If you have the opportunity you should visit Greece in April, when normally the Hellexpo in Thessalonki is held. There you will see many producers, fabricators, and artisans of marble. You will have the opportunity to tour facilities and have a taste of history in the landscapes of this beautiful country. As you know, the Greeks are primarily a trading nation and very involved in shipping due to this. The family is plays an important role in the culture of Greece and its trade.
The second largest consumer of Greek marble is the USA. Greece is the 3rd largest supplier of marble to the United States. Since 1988 the USA market has consumed 11% of their production. Greek production has grown in this period about 86%. The USA maintains a vital role in the consumption of Greek stone.
While the United States is a major producer of dimension stone, Italy is the largest producer among the market economic countries. It is interesting to note however, that in 1991, Italy imported from Greece well over 18.5 million dollars, thus ranking it 8th in importance of imports for Italy.
The imports to the USA grew from 1987 monthly figures of 800,000 monthly to 1990 figures of 2 million per month. Due the economic conditions in the latter half of 1990, the 1991 figures have reduced to about 1,300,000 per month on the average. It is interesting to note that Greece had the biggest decline in imports of stone to the USA by a drop of 35% in 1991 versus 1990. Greece today represents about 6 to 7% of the yearly imports of marble to the USA, which in the last decade has given them a substantial increase yearly.
Greece is number one in the world production per inhabitant at 396 pounds per person. This really shows the dedication to production that the society and companies attribute to the importance of stone. The next nearest is Italy which is 25% less.
Recently, the exportations of hellenic marbles have been considerably increased, but still do not reach the real capabilities of Greece. It is worthy to note that Greece has over 300 marbles but probably only 50 are exploited. The pallet of colors available should satisfy most any designer or architect.
The Greek stones are both competitive in price and quality with the marbles of other countries. Quality is most important to the Greeks and supported by the Institute of Geology and Mineral Exploration and the Department of Industry Research and Technology which will assist and test each marble that is commercially produced and make sure they meet international standards for quality.
Most companies now have equipped themselves with the most modern production facilities and have technologically advanced themselves in quarry extraction, production, quality control with the current world standards, sales and marketing. The factories can produce objects of art, blocks, slabs, tiles, commercial jobs, sinks, decorative items, columns, and many architectural items.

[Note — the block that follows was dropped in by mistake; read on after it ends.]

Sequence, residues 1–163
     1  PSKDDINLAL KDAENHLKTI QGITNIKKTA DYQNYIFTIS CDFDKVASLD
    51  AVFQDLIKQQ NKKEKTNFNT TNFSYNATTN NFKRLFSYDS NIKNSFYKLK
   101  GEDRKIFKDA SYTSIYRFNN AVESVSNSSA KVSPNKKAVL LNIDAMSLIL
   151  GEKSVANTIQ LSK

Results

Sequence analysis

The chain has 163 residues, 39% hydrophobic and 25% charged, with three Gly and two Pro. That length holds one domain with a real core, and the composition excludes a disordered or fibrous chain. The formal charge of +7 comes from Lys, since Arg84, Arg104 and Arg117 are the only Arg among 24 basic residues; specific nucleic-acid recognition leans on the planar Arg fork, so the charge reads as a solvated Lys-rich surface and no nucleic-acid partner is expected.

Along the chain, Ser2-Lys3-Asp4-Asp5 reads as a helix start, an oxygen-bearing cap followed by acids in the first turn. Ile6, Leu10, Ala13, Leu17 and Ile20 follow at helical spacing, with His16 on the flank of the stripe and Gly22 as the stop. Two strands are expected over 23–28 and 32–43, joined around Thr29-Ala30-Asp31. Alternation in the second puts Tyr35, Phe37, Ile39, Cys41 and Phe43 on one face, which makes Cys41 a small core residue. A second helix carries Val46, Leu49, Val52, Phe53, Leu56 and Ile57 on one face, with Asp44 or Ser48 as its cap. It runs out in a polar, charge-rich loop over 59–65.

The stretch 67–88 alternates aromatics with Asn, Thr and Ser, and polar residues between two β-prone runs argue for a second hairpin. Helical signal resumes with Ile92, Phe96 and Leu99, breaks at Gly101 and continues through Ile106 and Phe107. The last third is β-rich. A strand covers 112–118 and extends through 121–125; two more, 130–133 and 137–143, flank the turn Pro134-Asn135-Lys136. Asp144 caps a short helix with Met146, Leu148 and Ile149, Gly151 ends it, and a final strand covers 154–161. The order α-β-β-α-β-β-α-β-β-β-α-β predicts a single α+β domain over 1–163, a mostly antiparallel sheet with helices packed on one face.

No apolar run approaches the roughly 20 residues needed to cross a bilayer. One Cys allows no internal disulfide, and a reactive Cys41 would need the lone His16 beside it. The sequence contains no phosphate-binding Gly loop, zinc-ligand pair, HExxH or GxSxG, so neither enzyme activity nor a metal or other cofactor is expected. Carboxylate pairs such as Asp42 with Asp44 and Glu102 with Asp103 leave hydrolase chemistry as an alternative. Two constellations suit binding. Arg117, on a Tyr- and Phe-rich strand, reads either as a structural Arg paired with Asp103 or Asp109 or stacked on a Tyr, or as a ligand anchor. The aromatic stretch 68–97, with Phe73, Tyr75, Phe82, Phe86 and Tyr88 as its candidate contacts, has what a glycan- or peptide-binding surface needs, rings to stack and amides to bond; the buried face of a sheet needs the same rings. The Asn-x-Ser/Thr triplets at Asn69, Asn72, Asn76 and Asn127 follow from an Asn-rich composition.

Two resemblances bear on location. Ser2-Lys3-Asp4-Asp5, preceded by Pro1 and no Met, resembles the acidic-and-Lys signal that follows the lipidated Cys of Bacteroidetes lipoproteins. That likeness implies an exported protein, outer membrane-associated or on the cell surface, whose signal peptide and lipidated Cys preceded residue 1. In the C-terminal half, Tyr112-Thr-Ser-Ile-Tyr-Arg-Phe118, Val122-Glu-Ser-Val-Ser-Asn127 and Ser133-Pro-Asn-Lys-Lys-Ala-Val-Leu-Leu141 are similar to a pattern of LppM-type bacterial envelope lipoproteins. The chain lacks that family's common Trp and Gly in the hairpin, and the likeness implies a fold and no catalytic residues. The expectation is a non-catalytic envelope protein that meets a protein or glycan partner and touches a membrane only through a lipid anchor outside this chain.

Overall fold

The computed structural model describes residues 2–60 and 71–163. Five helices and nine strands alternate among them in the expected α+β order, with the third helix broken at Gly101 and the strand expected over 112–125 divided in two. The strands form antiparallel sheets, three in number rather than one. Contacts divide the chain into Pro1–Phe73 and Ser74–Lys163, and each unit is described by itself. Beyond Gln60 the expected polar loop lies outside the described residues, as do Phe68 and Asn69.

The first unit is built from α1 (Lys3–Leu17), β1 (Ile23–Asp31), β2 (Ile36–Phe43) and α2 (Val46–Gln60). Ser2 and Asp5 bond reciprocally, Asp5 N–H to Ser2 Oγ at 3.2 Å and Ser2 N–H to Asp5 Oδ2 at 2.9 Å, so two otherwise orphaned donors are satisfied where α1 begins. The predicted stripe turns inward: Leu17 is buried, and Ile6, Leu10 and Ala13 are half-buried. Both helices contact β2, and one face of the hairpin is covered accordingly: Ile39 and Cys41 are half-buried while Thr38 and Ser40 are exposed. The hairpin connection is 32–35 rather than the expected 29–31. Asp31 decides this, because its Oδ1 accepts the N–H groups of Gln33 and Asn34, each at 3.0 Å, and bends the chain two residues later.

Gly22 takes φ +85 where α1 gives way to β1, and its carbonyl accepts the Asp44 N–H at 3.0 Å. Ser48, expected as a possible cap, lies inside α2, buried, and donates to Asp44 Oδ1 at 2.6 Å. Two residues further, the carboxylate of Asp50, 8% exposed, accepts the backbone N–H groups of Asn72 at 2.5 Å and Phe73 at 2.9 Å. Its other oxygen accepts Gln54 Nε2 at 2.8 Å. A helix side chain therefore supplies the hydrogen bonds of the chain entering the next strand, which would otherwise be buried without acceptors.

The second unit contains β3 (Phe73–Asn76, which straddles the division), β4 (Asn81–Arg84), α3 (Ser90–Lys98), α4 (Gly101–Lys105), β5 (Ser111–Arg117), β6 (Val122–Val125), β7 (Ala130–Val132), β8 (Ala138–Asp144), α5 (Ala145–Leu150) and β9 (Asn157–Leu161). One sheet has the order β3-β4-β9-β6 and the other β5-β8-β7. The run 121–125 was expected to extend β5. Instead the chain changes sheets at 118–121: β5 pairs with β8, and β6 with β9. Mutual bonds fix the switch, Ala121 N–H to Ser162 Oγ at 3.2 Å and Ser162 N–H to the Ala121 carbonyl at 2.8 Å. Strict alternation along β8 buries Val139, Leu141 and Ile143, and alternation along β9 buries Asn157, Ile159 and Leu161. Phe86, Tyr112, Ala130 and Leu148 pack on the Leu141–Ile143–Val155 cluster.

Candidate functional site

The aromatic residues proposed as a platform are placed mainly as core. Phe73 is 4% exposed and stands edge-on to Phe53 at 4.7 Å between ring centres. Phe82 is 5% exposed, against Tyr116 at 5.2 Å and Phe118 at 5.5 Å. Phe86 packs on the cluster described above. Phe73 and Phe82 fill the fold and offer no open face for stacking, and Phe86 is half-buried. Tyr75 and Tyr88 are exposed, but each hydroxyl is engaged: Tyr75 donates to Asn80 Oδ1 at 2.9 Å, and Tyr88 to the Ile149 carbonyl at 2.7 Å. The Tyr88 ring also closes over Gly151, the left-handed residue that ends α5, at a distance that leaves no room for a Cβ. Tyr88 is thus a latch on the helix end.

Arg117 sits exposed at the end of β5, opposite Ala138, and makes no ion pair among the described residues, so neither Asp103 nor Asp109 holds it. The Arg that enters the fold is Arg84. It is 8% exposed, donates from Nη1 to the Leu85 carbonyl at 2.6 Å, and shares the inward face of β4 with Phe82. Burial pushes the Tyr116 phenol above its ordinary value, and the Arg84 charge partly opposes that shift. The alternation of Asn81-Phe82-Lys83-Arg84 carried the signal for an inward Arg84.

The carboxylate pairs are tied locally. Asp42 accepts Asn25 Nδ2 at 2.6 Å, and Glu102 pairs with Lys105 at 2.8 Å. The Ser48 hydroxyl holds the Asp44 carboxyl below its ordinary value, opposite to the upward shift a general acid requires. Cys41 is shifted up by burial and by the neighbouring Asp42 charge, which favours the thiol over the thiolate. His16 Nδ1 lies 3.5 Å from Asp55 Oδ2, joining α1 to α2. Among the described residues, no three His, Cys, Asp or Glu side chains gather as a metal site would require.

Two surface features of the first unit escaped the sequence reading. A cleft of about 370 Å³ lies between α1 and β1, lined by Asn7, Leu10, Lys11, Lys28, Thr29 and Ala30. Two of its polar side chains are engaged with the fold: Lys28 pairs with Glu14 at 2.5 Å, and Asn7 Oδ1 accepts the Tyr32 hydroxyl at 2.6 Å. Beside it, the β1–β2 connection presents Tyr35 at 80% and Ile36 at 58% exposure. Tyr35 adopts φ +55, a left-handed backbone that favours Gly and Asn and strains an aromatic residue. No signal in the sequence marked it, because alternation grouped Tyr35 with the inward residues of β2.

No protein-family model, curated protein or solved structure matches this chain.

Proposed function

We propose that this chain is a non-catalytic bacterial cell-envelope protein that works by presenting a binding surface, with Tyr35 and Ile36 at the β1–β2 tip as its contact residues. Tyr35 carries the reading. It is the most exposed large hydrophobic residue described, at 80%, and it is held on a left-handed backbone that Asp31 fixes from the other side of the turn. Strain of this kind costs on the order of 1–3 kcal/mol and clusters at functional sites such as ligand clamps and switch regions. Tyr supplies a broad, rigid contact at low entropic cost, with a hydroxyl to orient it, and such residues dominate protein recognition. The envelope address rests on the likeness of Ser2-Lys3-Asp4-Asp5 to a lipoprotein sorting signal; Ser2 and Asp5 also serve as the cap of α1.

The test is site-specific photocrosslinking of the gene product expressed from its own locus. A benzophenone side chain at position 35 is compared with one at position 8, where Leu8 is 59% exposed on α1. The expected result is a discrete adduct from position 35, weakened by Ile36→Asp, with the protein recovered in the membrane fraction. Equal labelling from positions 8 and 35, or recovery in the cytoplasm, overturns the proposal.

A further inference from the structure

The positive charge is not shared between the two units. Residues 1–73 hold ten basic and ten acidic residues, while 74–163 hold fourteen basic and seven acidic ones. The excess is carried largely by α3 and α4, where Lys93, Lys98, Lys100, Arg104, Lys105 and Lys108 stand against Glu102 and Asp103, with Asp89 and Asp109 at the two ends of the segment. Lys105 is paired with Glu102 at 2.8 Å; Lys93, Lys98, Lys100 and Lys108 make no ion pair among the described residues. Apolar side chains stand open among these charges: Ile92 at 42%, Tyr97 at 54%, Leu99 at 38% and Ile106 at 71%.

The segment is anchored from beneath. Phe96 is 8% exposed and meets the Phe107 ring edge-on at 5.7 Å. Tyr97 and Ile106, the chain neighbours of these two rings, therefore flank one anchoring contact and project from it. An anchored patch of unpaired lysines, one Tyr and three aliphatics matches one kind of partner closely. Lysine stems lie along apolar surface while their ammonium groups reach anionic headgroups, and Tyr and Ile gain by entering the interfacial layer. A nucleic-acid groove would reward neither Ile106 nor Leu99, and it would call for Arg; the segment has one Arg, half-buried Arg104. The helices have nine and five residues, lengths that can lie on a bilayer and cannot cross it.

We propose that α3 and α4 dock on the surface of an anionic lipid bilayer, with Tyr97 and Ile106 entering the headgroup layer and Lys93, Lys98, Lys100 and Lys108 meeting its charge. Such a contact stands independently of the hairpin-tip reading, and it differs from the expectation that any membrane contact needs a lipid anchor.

No one can deny that Greece has so much marble and potential new marbles and quarries, that it will maintain itself as a key player for years to come in marble production. As long as Greece maintains there role in keeping up with modern technology, which for two millenium they have, then we should consider Greece as one of the most important suppliers in the world market of marble.
Greece, presently, is the 4th1 largest producer of marble in the world. By the recent World Stone Industry report by the Italians, it is noted that world consumption of marble will grow at an annual rate of 6.5% per year to a level of about 51 million tons by the year 2000 (a total of 40% growth in this decade. Present production is 30 million tons.) Also, the the forecast for raw production of marble will increase to a level of 60 million tons by the year 2000, again a 40% rise.
Obviously, these figures could increase considerably if marbles and stones continue to grow in popularity with architects and designers as they have done in the past. Assuming Greece will maintain its present position of production growth and sales, this will mean a substantial boost to their economy and market.
Stone flooring will be one of the main increases. In the past three years flooring demand has increased by about 33%. Architects have and will be selecting granite over marble due to its durability and sales efforts by the producers for commercial use. However, marble can still play a most important role in this growth if properly promoted and controlled. Marble is still predominant in the residential market. By world figures, flooring is consumed at about a 34% rate versus exterior cladding at 20%, its nearest competitor.
Since the United States has the second largest Housing Construction market in the world (even though it declined 25% in the last two years), the market potential for Greece and the United States in marble is outstanding.
One can clearly conclude, that Greece has made history in the past and will make it in the future.
Italy is first with 25%, Spain second 10.7%, China third with 6.7%, then Greece at 6%.